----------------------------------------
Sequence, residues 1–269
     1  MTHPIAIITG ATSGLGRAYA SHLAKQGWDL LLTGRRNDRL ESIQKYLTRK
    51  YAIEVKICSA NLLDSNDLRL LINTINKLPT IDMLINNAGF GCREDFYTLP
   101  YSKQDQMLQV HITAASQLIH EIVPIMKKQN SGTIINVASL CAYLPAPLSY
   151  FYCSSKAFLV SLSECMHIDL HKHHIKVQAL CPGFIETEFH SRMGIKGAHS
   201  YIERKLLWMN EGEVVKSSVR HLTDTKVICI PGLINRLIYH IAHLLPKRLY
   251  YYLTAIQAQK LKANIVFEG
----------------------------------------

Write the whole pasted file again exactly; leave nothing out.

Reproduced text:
Sequence, residues 1–269
     1  MTHPIAIITG ATSGLGRAYA SHLAKQGWDL LLTGRRNDRL ESIQKYLTRK
    51  YAIEVKICSA NLLDSNDLRL LINTINKLPT IDMLINNAGF GCREDFYTLP
   101  YSKQDQMLQV HITAASQLIH EIVPIMKKQN SGTIINVASL CAYLPAPLSY
   151  FYCSSKAFLV SLSECMHIDL HKHHIKVQAL CPGFIETEFH SRMGIKGAHS
   201  YIERKLLWMN EGEVVKSSVR HLTDTKVICI PGLINRLIYH IAHLLPKRLY
   251  YYLTAIQAQK LKANIVFEG